A great sigh of relief will have gone up in Whitehall this afternoon now that George Osborne has announced the new spending totals. No longer will departments have to wake up to ghastly headlines about Minister A falling out with the Treasury or Osborne attempting to crucify some benighted colleague. At least the dark cloud of the cuts review is passing over the horizon.
There were few surprises. The nasty and the (few) nice bits of the CSR had been leaked or announced well before today. The pain is being spread around. The middle classes have been clobbered over child benefit, university tuition fees and pensions. The not so middle face a benefits squeeze, although their schools and hospitals have been afforded some protection.
Core Conservatives will be alarmed by the cutbacks at the MOD and comedians will enjoy the prospect of aircraft carriers that don't carry aircraft and are mothballed almost as soon as they have glided down the slipway.
But today's galaxy of numbers won't make much difference. The proof of this plate of gruel will lie in the eating. And that is months if not years away. Six months from now it is a fair bet that the Today programme will have become a parade ground for cuts sob stories and the Government can expect to find itself under mounting political pressure.
Next year is the period of maximum political danger for the Coalition. All eyes will now turn to the economy. If it double dips, then Cameron, Osborne and Co are in deep trouble. If by next autumn, the recovery is well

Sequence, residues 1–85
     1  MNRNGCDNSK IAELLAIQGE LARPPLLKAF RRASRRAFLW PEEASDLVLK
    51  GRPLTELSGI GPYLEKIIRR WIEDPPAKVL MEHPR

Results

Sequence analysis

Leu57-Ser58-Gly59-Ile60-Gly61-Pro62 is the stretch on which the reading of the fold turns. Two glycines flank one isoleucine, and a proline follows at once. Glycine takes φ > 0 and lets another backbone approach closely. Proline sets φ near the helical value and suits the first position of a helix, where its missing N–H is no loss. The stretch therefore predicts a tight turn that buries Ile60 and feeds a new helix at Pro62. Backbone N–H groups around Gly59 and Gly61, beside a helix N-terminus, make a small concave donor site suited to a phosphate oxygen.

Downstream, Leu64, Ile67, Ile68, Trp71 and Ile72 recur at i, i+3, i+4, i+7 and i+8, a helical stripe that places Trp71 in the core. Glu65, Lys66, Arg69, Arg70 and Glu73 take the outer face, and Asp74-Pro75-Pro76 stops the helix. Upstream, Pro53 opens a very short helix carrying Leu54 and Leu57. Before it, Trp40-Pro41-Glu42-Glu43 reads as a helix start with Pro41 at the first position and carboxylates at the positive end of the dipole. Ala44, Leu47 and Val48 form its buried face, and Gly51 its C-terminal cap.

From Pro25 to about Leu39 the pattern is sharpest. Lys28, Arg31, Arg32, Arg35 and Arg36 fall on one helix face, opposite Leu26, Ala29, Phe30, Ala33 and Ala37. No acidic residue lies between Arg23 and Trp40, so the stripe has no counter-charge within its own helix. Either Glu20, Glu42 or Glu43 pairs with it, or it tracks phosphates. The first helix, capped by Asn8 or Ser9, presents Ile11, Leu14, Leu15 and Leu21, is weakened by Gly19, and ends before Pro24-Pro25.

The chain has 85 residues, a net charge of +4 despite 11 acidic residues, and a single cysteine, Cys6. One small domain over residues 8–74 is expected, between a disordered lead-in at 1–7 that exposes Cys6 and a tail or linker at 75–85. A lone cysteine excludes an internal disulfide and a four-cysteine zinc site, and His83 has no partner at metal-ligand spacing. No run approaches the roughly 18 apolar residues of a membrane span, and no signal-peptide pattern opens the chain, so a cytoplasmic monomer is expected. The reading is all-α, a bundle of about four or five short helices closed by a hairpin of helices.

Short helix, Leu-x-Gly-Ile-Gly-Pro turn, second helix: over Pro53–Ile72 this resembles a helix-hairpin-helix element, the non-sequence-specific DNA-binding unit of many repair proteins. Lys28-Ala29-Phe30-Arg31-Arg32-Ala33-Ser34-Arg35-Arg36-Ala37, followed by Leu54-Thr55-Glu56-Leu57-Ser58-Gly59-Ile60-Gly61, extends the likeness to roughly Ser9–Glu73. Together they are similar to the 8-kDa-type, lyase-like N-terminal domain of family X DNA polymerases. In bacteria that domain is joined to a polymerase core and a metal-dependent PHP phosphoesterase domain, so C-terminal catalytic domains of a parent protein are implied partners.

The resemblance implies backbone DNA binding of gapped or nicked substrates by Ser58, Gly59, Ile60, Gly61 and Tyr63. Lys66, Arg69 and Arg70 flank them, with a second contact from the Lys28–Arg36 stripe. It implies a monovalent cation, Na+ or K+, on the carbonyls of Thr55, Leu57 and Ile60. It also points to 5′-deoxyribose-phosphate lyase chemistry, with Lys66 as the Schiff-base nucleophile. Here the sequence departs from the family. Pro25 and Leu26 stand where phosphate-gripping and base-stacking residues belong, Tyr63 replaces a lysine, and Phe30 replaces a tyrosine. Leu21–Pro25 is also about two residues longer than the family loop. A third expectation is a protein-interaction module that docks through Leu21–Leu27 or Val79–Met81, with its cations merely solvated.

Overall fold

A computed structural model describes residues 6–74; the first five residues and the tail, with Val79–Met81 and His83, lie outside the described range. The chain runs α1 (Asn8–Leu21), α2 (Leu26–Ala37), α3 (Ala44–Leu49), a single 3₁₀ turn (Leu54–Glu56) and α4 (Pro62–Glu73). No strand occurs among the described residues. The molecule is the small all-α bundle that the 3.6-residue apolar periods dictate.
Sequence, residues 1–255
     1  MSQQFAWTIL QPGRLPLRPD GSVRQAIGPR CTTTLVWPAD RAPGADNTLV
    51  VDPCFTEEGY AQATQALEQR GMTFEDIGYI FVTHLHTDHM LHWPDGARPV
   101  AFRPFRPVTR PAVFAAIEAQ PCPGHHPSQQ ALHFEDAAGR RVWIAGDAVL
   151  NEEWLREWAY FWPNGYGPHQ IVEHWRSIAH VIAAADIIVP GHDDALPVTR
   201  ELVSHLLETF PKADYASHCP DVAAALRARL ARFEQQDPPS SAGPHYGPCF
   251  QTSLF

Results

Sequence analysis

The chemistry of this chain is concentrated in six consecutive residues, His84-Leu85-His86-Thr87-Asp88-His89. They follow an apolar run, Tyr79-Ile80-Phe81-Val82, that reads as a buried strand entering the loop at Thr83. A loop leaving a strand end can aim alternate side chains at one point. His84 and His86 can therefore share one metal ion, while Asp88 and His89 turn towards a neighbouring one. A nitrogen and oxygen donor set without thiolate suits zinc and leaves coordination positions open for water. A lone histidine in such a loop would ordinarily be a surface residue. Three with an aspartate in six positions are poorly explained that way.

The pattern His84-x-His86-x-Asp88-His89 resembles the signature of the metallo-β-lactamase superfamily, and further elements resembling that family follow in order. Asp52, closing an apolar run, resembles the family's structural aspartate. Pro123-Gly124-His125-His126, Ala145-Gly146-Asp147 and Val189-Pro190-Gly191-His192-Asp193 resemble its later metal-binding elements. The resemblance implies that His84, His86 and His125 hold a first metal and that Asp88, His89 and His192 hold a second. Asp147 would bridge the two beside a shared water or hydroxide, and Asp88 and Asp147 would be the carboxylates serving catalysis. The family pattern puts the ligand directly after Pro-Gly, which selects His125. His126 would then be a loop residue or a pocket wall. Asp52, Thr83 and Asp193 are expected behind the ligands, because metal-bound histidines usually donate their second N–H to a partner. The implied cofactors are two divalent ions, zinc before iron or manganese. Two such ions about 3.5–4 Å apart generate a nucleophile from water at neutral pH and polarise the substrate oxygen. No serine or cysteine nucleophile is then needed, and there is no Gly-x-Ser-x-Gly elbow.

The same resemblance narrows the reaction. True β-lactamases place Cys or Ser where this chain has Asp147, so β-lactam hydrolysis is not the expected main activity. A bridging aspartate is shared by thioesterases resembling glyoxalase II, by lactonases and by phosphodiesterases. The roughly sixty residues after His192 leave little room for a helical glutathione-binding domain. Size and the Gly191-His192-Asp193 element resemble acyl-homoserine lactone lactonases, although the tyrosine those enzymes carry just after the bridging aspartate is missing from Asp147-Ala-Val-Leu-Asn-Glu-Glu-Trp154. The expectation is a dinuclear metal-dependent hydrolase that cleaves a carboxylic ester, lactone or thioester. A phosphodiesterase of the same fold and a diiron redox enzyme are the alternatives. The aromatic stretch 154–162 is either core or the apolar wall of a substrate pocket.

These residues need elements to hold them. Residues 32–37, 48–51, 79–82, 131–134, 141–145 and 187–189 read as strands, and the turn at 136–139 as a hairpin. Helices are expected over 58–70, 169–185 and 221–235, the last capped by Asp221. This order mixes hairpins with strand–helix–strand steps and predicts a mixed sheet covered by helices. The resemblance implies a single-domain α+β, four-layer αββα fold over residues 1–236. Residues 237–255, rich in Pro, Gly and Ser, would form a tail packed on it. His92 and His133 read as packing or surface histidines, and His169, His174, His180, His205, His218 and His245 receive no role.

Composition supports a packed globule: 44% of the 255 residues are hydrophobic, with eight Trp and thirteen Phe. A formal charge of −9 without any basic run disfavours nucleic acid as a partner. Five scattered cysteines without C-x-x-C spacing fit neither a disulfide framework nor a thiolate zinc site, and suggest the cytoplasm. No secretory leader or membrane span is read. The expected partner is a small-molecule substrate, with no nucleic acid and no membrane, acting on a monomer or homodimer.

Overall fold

under way, people will look back on today's balancing act as a political masterstroke, in much the same way as the widely derided Geoffrey Howe Budget of 1981 is now seen as laying the foundations of the Thatcher economic miracle. It didn't look like it at the time.
In terms of the savings which need to be made to restore the public finances, the Government is discharging its promise for which it is to be congratulated.
What is disappointing is that we have a typical 'Whitehall Package' of cuts, missing a once in a generation opportunity for the sort of radical reforms needed to propel the productive private sector economy into better growth and achievement and to reverse the nanny state intrusions of the last 20 years – analogous to the radical reforms of the early 1830s then to address excessive government borrowing and social policies damaging the economy in that era. We need higher savings and investment and – dare I say – an element of mercantilist policy to boost our exports.
I am not in the camp which believes means testing universal benefits is the key reform needed. This would only make sense if and when personal tax rates are reduced substantially. What I believe the UK needs is a fiscal and welfare environment which clearly rewards and incentivises upward mobility, skill acquisition, hard work and personal responsibility rather than the reverse. These are the underlying drivers of China's and India's current success.
Viewed from Asia, sadly the UK looks both to have Its political and economic priorities wrong and to be living in the past where it is rather Asia which will soon need to be helping us rather than the empty gesture of us increasing aid to Asia.
We will face falling standards of living unless we unleash the 'animal' drive to grow the productive economy – Government does still not appear to realise this.